Whether you're looking to change a video format to save space or because you lack a necessary codec, the freeware FormatFactory is likely to be the last converter you'll need. It's not perfect, but it handles 12 types of video formats, six audio types, eight image formats, and DVD/ISO conversions with speed and accuracy.

FormatFactory supports batch conversions and most major codecs. (Credit: FormatOZ)

The interface is simple and utilitarian, although spiked with format-icons and a big banner announcing the program's name for no reason other than to put lipstick on the pig. The left nav holds collapsible links to the various formats you can convert to, based on type: video, audio, image, mobile device, and ROM device. Below the massive title banner, the central pane sports the aforementioned decorative icons until you start the conversion process.

To do so, click on the icon on the left of the format you'd like to convert to, such as All to WMV. From the right side of the new window that opens, you can add files one at a time, or choose to convert an entire folder or three. The batch conversion feature is one of the app's strong suits, and it handled multiple files for me without error. Unfortunately, drag-and-drop file adding isn't supported.

The lengthy list of formats supported by FormatFactory. (Credit: FormatOZ)

Once you've selected your files, you can change the output quality using the Output Setting button at the top of the "All to" window. The Output main window informs you of the current output format details--if it's a video, for example, it'll tell you the output codecs being used and resolution. These can be changed via the Profile drop-down menu, but they change depending on the output format. Still, all output formats offer custom settings, another excellent feature for users who get feisty about how files are encoded.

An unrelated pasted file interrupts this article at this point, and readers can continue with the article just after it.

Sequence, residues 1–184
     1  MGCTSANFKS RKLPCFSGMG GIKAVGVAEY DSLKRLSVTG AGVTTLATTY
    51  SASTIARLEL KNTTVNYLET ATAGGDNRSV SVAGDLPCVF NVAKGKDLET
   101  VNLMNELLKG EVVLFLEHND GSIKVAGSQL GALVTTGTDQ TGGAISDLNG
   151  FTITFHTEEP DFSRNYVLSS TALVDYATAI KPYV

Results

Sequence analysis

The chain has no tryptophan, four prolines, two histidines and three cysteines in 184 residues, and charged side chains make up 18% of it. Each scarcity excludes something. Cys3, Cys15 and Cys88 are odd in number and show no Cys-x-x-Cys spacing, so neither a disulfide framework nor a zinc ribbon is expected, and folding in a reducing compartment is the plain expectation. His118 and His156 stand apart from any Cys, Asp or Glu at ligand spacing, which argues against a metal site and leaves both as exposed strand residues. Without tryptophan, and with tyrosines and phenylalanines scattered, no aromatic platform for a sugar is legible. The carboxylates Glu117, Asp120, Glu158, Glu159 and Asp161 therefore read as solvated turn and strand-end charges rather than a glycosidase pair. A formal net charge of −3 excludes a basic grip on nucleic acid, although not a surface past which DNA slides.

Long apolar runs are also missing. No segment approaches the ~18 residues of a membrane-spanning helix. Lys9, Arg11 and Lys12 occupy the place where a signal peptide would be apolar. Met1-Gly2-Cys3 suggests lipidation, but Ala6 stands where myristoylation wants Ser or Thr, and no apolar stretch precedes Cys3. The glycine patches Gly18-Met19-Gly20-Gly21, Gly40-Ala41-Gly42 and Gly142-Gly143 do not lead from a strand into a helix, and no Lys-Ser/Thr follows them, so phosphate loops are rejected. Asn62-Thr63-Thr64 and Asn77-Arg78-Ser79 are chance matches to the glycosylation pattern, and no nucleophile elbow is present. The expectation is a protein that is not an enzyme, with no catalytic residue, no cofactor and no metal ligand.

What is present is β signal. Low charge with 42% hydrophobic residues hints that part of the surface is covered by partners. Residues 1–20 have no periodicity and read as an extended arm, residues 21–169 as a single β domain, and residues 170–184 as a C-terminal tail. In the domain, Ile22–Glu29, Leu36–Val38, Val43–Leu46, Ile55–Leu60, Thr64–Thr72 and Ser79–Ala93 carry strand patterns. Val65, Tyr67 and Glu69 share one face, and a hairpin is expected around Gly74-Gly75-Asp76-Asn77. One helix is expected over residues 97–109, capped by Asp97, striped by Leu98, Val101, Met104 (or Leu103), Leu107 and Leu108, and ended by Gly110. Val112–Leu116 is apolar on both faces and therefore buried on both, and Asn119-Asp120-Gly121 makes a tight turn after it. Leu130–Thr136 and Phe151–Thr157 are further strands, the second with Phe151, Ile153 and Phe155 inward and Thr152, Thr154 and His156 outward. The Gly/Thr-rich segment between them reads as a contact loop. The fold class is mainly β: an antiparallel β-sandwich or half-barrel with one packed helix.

When you're ready to convert, hit Start on the Toolbar of the main window. I'd normally suggest going to get a coffee at this point, but unless you're re-encoding an entire movie FormatFactory flies through a task like a dedicated assembly-line worker. For larger files, the Factory naturally takes longer. Either way, it will most likely demand the lion's share of your system's resources while it's running--it just does it so fast for smaller files that the wait can be stunningly short.

Because there are so many file formats out there and even more codecs, it's likely that FormatFactory will fail to convert at some point. It succeeded with one Quicktime file I had, but couldn't properly convert a different MOV. Nevertheless, FormatFactory is a solid, free catch-all converter, with excellent tools like batch conversions, lacking only a more sensible workflow.